The couple pivoted to teaching classes at the public library. Still, to them, those classes lacked the breadth of impact they sought. With Jeffrey’s background in web design, starting a YouTube channel seemed within reach. So, they bought $1,000 worth of equipment off New Zealand’s version of Craigslist and began shooting episodes.

Their cooking show, originally called the Nutritarian Cooking Show (and later changed because Furman holds the trademark to the term “Nutarian”), was born in early 2015. In its first few years, the show was truly a service project. Each of their three to four monthly shows took about 10 hours to produce and only raked in $0.60 most days and $3.00 on a good day, in YouTube ad revenue for the bulk of 2016. That year the Daltons also relocated stateside to North Carolina's Research Triangle to pursue a different culture than New Zealand had offered them, good weather, and beach access.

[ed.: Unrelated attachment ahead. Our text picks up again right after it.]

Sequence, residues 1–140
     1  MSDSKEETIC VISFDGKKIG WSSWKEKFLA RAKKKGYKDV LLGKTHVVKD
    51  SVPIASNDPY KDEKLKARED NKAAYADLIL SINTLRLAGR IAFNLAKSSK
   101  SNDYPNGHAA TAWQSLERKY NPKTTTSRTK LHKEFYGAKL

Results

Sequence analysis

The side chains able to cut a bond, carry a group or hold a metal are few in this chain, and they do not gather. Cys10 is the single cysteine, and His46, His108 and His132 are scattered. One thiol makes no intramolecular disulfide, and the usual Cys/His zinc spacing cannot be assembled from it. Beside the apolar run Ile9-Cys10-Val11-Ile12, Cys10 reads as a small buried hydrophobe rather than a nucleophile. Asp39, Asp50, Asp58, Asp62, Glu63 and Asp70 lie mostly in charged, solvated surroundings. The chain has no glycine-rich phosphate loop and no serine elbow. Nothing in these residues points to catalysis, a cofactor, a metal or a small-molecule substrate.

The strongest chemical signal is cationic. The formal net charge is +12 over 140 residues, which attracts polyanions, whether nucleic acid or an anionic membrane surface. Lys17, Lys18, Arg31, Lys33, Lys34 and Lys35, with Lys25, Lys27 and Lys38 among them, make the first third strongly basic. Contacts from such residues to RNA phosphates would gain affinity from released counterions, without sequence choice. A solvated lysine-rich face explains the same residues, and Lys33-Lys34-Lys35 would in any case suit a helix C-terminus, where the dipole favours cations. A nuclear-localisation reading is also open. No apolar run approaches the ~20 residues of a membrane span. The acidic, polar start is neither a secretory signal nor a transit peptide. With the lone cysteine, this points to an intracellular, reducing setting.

In July 2017, they found favor with the “mysterious YouTube algorithm gods” in Jill Dalton’s words, and their channel saw an influx of subscribers and viewers. They hit their first big milestone: 10,000 subscribers. Encouraged, they dipped into their savings again to launch a website to house more accessible and printable versions of their recipes.

In the summer of 2018, their growth stalled. They fielded complaints from their subscribers that YouTube was not notifying them of new uploads and spent hours sending emails and on the phone when their videos were demonetized over a mistaken case of music copyright violation.

Still, in October of 2018, they took another “leap of faith” and invested their ad revenue and more of their savings into new gear to make high-quality videos. Now filming from multiple camera angles and managing another platform, the shows began taking them both 14 to 30 hours to produce.